On a bitterly cold January evening, I walk with trepidation towards a grand, imposing church.
Why trepidation? Because I know the temperature inside this magnificent venue is not going to be that different from the outside; I spent many hours trembling inside Union Chapel attending union meetings.
The choice of the venue is perhaps anathema to the subject of the event tonight. One thing I am absolutely certain though. Not long after I enter this building of ‘God’, what I witness will warm me up no end.
Genco Erkal. This is who I have come to see. A giant among men. A phenomenal actor. One who has ensured Nâzım Hikmet Ran, an icon of poetry, struggle and suffering, forever stayed in the forefront of our minds.
It’s thanks to Erkal and singer-songwriter Zülfü Livanelli that the ‘man (and woman) on the street’ has come to know Nâzım well. Livanelli through his timeless songs (and to a lesser extent, Cem Karaca and Fazıl Say too), and Erkal in his numerous plays.
I last saw Genco Erkal when he was performing at the prestigious Royal Festival Hall. It was another bitterly cold evening I remember, over 20 years ago. Surprisingly he looked exactly as I remember him on that magical evening, if a little more aged. Years have not been too cruel to him.
[The veteran actor, now aged 78, sharing his excitement at performing at Union Chapel, Islington, on Facebook as he poses outside & also checks the stage inside this Grade I listed building]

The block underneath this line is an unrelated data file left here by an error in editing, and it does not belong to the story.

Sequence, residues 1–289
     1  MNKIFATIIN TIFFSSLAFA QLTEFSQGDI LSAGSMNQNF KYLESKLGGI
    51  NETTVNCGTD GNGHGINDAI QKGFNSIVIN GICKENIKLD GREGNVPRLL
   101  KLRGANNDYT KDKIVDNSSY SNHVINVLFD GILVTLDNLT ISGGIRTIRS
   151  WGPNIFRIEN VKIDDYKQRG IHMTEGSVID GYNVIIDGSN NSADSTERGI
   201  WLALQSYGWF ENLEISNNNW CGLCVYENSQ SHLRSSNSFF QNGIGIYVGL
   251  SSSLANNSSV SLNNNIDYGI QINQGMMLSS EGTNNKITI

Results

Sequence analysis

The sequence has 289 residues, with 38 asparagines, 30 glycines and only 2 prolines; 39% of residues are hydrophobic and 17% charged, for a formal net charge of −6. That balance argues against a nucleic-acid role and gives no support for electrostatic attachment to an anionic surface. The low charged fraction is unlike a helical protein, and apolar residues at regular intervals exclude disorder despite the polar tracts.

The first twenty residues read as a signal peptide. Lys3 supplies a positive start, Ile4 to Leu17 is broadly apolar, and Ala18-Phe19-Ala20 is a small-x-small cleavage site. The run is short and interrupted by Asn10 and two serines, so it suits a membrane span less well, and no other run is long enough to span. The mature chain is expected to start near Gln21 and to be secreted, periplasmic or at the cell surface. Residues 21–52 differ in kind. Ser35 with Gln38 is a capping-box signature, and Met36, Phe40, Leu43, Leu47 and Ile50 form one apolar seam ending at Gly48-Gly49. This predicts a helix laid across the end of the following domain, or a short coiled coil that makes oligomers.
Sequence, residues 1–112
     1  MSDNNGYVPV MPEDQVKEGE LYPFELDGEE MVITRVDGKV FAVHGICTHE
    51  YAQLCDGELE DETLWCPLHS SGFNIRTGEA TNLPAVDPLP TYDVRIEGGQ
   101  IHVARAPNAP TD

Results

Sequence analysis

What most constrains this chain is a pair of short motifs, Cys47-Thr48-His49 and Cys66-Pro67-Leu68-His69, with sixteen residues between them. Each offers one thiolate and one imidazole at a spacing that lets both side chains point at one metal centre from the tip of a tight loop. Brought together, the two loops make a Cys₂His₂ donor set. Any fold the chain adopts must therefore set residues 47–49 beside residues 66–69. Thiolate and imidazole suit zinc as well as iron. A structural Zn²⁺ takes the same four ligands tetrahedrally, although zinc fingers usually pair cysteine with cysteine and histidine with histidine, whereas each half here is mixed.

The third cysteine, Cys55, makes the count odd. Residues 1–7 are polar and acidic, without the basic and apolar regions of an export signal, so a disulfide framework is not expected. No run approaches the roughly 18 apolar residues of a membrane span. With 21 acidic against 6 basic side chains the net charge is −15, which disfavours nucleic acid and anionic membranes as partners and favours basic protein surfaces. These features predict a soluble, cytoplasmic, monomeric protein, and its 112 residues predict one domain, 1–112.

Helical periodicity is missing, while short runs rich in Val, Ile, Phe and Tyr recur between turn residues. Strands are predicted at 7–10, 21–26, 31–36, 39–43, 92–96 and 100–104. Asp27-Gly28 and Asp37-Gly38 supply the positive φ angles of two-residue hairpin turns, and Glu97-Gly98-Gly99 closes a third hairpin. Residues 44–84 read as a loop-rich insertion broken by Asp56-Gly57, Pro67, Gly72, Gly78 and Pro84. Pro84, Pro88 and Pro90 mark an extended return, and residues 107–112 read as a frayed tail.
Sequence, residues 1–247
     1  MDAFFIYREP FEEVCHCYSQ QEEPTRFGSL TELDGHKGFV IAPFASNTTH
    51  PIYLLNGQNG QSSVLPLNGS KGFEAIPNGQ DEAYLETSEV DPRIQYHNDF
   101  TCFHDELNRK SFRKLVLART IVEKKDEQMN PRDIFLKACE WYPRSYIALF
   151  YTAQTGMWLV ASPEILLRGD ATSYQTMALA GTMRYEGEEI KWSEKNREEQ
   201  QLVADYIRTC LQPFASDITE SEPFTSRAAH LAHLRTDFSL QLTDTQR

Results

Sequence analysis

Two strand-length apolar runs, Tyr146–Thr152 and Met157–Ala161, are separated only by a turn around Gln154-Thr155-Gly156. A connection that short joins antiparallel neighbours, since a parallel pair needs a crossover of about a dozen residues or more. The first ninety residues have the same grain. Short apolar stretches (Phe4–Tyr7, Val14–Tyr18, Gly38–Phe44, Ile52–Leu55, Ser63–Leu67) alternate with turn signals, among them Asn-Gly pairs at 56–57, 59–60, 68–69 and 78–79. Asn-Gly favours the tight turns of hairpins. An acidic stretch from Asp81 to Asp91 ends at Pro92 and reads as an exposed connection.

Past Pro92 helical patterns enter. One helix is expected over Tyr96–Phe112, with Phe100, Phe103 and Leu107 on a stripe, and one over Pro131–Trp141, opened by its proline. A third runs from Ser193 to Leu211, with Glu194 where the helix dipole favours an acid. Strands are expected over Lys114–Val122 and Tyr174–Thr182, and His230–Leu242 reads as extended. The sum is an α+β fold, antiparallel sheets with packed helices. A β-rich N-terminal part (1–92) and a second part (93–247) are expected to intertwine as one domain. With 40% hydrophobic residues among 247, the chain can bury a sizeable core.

In defiance to his advance years (nearly 80), his energy level was amazingly high. His rich, baritone voice at times broke into song, delighting the packed Gothic Church.
Tülay Günal, the award-winning theatre actor, ably accompanied Erkal with her beautiful velvet voice. She took us years back, singing the arrangements of some of Nâzım’s well-known poems and reading his prison letters to his beloved wife, Piraye.
Yiğit Özatalay, the musical director for the night, played the piano and was also excellent with his arrangements. The trio entertained, enchanted and saddened the captivated audience for over an hour.
We felt the deep sadness, concern and anxiousness Nâzım had felt for Piraye Hanım deep in our hearts. So vivid was his anger, that we also felt it: his anger at the state of his country, and of the hands of imperialist powers.
We had the honour of being branded ‘traitors’ alongside Nâzım, in line with his description of the meaning of this word.
“Which is furthest away: my country, the stars or my youth?”
Those people in the audience who arrived in the UK from Turkey in during the 70s to the late 80s as asylum seekers perhaps asked themselves the same question, captured by Nâzım in his timeless poem: “Which is furthest away: my country, the stars or my youth?”
Perhaps all who consider themselves in exile, forced or self-imposed, should ask themselves the same question.
Many in the audience no doubt drew a parallel with goings-on in their beloved Turkey. Of course, Genco Erkal and politics go hand-in-hand, so it would have been unthinkable for him not to mention the current situation in Turkey.
Referring to the discussion on the proposed changes to the political system in the country, he uttered these words right at the end, when bowing to his admiring audience: “Let us say NO once more and let our voice be heard in Turkey.”
This, in ear splitting unison, we all said: “HAYIR! HAYIR! HAYIR!” (NO! NO! NO!”)
At the end, trepidation turns into euphoria, and off we go into the cold Islington night. Bars and restaurants on Upper Street I am sure were full of people excitedly discussing the momentous event they had just witnessed.
Alas, I have a long way to go to reach my residence in suburbia.